Whatever residents think of the signs, organized opposition to his blunt commentaries — ongoing for 16 years — had been nonexistent. No longer, says Pellegrino, who, though familiar with Norman’s politics, said he was still surprised by the stark imagery of the Obama T-shirts.
“There’s a lot of people hurt by this,” he said.
Norman said those offended are “hunting for a reason to be mad” and insisted he is “not a racist.”
Iranian Movie Hits the Screens
Jesus, the Spirit of God, an Iranian movie that faithfully follows the traditional tale of Jesus as it is accepted by Muslims.
Nader Talebzadeh, the director, sees his movie as an Islamic answer to Western productions like Mel Gibson’s 2004 blockbuster The Passion of the Christ.
“Gibson’s film is a very good film. I mean that it is a well-crafted movie but the story is wrong; it was not like that,” he said, referring to two key differences: Islam sees Jesus as a prophet, not the son of God, and does not believe he was crucified.
Bridging the GabTalebzadeh, who shares the ideas of Iran’s hard-line president has produced what he says is the first film giving an Islamic view of Jesus Christ, in a bid to show the “common ground” between Muslims and Christians.
By making this film, Talebzadeh believes that he has an opportunity to bridge differences between Christianity and Islam, despite the stark divergence from Christian doctrine about Christ’s final hours on earth.“It is fascinating for Christians to know that Islam gives such devotion to and has so much knowledge about Jesus,” Talebzadeh told AFP.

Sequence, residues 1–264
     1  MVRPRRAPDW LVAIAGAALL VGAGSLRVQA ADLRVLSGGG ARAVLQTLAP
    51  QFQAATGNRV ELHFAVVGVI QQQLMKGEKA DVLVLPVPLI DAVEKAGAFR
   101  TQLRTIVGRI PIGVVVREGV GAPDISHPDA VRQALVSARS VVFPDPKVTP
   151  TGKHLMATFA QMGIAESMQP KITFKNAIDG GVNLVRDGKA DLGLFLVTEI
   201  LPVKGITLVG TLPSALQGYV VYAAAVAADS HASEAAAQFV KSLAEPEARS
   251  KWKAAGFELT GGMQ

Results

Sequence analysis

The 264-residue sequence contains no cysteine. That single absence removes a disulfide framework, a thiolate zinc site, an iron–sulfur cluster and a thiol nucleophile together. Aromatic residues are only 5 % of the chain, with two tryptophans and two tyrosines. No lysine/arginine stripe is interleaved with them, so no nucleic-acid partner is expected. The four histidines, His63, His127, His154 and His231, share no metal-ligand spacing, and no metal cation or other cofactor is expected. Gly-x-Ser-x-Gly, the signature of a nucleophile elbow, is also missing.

Talebzadeh wants to open the door for dialogue between the two parts since there is “much common ground between Islam and Christianity,” he said.
In his film, the director is also keen to emphasize the links between Jesus and one of the most important figures in Shiite Islam, the Imam Mahdi, said to have disappeared 12 centuries ago.
“We Muslims pray for the ‘Return’ (of Imam Mahdi) and Jesus is part of the return and the end of time,” Talebzadeh said.
“Should we, as artists, stand idle until that time? Don’t we have to make an effort?”
A Great ProphetIslam sees Jesus as one of five great prophets, others being Noah, Moses and Abraham, sent to earth to announce the coming of Mohammed, the final prophet who spread the religion of Islam.